Frankenstein Self-Obsession Essay

589 Words3 Pages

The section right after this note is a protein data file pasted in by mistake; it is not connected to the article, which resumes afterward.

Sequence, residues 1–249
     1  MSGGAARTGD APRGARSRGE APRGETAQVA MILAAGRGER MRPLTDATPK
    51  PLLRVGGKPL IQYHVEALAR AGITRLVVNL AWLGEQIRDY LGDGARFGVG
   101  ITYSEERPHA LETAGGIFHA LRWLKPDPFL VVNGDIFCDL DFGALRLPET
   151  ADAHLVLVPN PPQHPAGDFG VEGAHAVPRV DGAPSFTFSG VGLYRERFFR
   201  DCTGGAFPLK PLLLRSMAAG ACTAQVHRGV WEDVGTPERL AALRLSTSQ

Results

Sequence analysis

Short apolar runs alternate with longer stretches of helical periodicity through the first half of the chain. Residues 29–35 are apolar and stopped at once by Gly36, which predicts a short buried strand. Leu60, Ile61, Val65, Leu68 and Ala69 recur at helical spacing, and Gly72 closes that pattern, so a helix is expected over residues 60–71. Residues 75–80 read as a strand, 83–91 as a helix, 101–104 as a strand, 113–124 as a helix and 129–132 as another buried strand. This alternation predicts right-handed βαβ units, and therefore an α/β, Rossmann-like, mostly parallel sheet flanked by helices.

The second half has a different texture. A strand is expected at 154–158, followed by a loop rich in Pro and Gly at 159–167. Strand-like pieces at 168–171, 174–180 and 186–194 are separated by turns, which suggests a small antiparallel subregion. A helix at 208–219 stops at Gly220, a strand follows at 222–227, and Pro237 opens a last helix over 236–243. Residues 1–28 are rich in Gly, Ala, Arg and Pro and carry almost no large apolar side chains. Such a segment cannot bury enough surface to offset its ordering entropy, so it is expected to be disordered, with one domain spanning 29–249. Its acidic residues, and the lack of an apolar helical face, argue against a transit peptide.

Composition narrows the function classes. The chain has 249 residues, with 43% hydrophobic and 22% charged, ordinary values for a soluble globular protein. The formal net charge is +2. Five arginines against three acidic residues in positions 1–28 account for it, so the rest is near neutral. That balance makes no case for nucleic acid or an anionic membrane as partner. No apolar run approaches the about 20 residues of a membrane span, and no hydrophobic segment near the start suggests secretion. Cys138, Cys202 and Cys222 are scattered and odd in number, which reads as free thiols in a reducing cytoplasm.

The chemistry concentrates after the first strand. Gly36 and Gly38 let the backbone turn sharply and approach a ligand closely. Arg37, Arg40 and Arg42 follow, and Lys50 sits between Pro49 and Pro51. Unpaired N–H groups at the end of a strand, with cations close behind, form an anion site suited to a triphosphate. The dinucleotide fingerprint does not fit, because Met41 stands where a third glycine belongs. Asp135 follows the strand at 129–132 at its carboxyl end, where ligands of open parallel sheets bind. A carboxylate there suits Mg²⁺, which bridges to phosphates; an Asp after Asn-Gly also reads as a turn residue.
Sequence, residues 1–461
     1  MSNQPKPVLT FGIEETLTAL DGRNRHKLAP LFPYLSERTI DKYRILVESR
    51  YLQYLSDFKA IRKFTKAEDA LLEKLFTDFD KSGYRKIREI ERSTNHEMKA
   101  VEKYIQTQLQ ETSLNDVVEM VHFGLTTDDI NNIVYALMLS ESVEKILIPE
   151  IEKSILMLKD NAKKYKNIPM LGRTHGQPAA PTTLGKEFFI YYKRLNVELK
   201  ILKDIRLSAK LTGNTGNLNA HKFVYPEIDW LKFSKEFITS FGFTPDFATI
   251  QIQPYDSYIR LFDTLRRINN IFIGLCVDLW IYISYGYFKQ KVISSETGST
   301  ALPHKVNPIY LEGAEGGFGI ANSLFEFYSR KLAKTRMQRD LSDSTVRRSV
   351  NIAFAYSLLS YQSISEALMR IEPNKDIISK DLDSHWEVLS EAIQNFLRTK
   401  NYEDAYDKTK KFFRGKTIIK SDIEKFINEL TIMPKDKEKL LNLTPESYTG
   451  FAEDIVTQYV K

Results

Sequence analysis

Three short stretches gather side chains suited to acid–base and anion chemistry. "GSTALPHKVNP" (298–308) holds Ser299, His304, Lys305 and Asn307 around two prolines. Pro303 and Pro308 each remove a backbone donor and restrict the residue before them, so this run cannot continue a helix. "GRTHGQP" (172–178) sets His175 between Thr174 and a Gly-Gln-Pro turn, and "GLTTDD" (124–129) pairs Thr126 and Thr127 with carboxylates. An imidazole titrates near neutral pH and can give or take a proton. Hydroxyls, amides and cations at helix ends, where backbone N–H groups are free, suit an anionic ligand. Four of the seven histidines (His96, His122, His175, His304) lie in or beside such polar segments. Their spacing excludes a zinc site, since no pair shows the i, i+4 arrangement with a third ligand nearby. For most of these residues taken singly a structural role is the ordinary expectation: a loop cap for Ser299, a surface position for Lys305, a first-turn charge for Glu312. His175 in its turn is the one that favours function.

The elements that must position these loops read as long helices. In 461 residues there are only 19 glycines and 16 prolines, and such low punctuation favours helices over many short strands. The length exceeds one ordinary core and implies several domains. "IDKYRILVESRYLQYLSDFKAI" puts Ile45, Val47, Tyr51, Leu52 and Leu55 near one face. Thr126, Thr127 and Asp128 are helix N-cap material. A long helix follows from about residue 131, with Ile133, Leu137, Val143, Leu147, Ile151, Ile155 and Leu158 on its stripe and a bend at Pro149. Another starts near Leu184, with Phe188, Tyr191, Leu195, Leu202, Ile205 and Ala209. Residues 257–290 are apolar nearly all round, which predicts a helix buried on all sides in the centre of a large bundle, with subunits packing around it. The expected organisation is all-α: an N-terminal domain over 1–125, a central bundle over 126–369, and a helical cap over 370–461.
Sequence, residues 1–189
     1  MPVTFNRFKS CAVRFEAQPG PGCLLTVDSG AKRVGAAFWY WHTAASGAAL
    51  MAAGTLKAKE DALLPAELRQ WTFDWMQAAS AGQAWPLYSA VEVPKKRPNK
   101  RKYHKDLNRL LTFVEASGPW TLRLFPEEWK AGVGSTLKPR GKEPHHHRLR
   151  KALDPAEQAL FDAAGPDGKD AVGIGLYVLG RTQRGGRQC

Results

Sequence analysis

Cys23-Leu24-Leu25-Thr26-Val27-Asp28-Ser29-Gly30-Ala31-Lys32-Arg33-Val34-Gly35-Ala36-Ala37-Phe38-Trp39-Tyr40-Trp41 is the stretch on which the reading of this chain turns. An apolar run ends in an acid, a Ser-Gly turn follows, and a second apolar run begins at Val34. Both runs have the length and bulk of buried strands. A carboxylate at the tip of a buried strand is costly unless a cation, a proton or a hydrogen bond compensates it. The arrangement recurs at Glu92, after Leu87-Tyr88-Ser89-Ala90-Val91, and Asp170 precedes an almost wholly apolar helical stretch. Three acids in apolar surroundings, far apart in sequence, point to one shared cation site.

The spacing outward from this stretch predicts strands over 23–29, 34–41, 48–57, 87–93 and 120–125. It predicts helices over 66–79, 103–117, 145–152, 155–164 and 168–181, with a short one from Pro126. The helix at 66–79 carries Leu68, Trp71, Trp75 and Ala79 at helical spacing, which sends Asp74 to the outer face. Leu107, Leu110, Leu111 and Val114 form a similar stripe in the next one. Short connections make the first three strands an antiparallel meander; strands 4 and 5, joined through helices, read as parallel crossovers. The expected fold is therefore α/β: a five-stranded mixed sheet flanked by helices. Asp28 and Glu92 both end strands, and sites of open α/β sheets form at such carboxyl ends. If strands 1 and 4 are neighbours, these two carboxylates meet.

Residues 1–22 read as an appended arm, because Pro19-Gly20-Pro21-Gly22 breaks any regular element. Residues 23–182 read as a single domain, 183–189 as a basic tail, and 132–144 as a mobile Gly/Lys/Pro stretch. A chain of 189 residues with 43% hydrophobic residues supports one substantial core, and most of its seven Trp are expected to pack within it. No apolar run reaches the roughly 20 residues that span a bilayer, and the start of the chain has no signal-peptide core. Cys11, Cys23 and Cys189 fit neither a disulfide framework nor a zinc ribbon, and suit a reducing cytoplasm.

Throughout Frankenstein, a variety of human traits are consistent throughout the text, clearly indicating their impact on events throughout the story which help form and shape the plot. It can be argued that several of these carry a clear warning of how such behaviors may lead to the destruction of one’s life. One characteristic in particular is shared by the three main characters. The trait which is most detrimental and yet most prominent in the novel is self-obsession. The character with whom the story begins and ends, and yet is not found in the main plot, is Robert Walton. His personal goal is simple; he is on a journey to the North Pole. He will go to any lengths to achieve this, and his own personal glory and fame from this discovery is more important to him than his men or his own life. In his letters to his sister, he describes in great detail how he is deserving of some great accomplishment, how he can find no one to relate to, how nobody understands him. When conditions are such that it is extremely unlikely anyone on his voyage will survive, he refuses to turn back. This would have likely led to his destruction had he not met Frankenstein, and realised the folly of such pride. Frankenstein is the main character of the novel, and it is he who falls the lowest because of his self-obsession. When he is creating his monster he becomes so wrapped up that he fails to write to his family, and even fails to attend to his most basic needs such as sleep. And yet after all of his work, he is afraid of his creation. Because of this fear, he fails to assume his responsibility as the creator and abandons it. This is the first step of many which leads to the destruction of everything he cares about. He fails to prevent the death of his brother William, simply because he doesn’t wish to be thought a madman. His fiancé is murdered because he thinks the monster is
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